Rfparty - a new way to see BLE


Today, Millions of IoT devices emit wireless BLE advertisements.

Rfparty is an app for exploring your wireless world. Built for educators, developers, cybersecurity specialist and the privacy minded to audit these BLE signals.

Is BLE Private?

BLE has become a major part of many people’s digital experience, but are these devices built with reasonable privacy in mind? Today there is no way for consumers to know for sure, other than to read the media- and if recent headlines are a barometer, the state of BLE privacy is rather questionable.

While BLE has strong protections against eavesdropping and man-in-the-middle attacks, BLE retains one significant security challenge: how do users connect to their devices?

The most common solution that BLE devices employ is to send out public broadcasts, which announces the devices existence. This way, the owner can “scan” for these public transmissions, and pair to establish a secure connection. A challenge for device privacy is, that many devices never stop sending out these public beacons. In fact, many BLE products work on entirely broadcast protocols, allowing anyone to learn about the user and their devices by simply listening to these unencrypted transmissions.

Today, low-cost tracking devices use these simple BLE advertisements, combined with vast user bases, to create an Always-On corporate surveillance network. This is great for the folks searching for their keys… but what data will their helpful scanning friends provide to these large corporations?

rfparty querying nearby apple devices

OEMs to the rescue?

When these devices are abused, can we really rely on the OEMs to provide adequate tools to detect their devices?

Today, Apple only provides comprehensive “always-on” privacy safeguards to Apple customers. However, their solutions for Android users are leaving many cyber security experts wanting better from the IoT industry. Other tracking device OEMs also face similar challenges in providing tracking protection for the general population.

“It’s pretty terrible”

So far Apple’s Android solution has earned a rare “It’s pretty terrible” from macworld. Meanwhile the Washington Post reached an alarming conclusion:

“Our test with a baby stroller finds it’s still too easy to stalk people with AirTags, Tiles and Samsung SmartTags — and no single company can fix it alone”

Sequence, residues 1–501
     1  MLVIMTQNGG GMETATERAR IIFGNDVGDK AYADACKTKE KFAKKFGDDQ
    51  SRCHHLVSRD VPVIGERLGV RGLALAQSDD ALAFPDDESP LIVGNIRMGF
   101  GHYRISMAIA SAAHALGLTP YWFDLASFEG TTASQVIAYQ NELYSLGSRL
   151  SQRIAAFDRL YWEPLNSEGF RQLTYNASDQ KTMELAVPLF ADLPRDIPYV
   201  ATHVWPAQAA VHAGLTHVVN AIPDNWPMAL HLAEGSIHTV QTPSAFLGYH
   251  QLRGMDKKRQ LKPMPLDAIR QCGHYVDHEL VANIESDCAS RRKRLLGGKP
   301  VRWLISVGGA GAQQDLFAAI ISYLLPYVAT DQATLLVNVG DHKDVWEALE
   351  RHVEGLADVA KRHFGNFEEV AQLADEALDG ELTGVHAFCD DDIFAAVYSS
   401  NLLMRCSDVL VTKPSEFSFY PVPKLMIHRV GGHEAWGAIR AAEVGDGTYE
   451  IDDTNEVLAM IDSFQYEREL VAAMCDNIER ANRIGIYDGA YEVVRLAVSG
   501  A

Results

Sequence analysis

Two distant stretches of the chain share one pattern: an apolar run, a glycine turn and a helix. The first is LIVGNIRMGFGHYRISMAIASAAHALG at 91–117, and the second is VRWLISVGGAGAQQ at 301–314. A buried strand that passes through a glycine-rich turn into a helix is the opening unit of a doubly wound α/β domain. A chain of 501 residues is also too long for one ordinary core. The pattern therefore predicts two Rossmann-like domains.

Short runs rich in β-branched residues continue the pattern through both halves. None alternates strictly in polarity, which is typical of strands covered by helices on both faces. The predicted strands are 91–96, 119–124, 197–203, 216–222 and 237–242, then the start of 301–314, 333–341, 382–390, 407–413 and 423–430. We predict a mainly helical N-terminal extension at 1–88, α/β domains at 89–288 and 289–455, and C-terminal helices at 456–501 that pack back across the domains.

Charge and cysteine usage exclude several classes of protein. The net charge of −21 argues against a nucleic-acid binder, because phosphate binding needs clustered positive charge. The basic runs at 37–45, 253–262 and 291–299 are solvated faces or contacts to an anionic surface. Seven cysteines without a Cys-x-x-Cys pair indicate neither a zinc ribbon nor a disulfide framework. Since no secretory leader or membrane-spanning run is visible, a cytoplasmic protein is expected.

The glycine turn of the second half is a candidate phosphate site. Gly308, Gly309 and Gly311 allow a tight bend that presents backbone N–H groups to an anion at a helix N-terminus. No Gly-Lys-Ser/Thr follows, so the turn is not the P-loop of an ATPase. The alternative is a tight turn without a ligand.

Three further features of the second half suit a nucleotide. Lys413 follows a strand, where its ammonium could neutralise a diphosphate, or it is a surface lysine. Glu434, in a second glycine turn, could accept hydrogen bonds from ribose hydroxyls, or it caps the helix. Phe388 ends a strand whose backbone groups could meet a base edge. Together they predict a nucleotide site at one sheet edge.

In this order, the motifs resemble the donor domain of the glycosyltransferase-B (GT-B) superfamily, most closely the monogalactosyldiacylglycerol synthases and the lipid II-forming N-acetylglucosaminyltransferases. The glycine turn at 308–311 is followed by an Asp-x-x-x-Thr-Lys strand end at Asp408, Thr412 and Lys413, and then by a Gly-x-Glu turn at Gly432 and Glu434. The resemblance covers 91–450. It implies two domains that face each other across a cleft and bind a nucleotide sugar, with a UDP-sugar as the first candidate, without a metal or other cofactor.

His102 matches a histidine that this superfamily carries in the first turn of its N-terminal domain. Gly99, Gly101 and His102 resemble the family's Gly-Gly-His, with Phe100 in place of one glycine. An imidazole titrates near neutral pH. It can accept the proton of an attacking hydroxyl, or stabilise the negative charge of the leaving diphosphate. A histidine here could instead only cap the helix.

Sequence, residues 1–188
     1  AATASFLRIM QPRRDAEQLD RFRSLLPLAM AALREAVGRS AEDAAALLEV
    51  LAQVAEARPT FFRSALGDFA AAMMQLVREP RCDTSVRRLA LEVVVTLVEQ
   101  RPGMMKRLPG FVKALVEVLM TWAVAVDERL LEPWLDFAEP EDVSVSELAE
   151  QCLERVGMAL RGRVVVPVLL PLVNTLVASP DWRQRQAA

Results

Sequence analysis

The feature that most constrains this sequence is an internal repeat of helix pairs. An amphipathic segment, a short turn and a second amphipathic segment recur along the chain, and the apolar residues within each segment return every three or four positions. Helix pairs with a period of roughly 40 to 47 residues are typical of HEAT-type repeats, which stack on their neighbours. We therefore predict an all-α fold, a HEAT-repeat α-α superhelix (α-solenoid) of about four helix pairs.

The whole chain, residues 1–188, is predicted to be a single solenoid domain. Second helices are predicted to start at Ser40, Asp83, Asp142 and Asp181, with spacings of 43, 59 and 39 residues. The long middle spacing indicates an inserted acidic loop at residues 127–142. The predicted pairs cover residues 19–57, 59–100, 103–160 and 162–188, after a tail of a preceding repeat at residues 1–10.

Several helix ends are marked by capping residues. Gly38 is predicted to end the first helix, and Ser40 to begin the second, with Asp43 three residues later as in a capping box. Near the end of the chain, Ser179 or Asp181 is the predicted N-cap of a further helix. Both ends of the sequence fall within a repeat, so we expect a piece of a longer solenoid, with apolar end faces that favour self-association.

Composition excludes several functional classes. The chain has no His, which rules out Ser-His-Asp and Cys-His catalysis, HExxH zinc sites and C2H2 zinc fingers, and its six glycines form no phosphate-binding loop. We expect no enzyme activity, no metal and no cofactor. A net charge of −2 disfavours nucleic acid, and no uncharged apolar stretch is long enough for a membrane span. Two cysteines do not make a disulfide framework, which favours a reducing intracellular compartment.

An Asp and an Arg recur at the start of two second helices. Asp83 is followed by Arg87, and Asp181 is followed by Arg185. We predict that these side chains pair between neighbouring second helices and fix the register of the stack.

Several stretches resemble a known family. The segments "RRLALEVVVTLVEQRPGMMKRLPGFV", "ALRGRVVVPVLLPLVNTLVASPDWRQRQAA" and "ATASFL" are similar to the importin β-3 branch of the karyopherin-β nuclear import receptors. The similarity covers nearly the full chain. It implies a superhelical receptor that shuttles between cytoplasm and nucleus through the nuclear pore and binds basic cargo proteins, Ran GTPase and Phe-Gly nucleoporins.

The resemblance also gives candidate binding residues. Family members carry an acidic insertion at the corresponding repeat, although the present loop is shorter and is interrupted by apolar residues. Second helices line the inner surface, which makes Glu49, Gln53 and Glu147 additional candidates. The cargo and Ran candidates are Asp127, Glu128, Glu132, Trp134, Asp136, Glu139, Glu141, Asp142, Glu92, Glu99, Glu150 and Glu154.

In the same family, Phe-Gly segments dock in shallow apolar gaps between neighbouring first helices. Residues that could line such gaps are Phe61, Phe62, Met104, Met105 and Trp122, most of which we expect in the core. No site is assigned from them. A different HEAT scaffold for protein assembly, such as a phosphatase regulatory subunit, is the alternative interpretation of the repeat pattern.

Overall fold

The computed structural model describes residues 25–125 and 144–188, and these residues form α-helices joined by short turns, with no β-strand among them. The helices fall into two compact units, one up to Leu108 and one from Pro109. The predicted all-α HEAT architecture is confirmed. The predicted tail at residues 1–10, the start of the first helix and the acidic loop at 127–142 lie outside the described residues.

Trackers not the only privacy challenge

Ok, we get it, literal tracking devices are pretty good at tracking things! But the thing consumers don’t know, is that every BLE device has the potential to be tracked just like an AirTag.

Governments around the world have already installed industrial wireless tracking solutions throughout their cities to do just this legally and otherwise. In the case of Seattle, it is done so illegally.

How can rfparty help?

Auditing your BLE devices is the first step to understanding how to improve BLE security. rfparty scans for public BLE advertisements and displays them on a map. A line is drawn between the location where a device was first seen and links to where it was most recently seen.

In this demonstration, rfparty is used to audit the BLE behavior of a GoPro action camera. The app is left running in the background while the tester walks around a park. It was found that the GoPro sent beacons both when powered on and when powered off. This enabled the rfparty app to partially reconstruct the portion of the user’s journey where the user’s movements may have been trackable via BLE.

Today rfparty supports a robust set of queries and is stable enough for the BLE curious to peer into these unseen systems. We hope to continuously improve the tool and bring more features to close the skills gap needed to audit wireless systems.

Getting rfparty

rfparty is currently available for Android:

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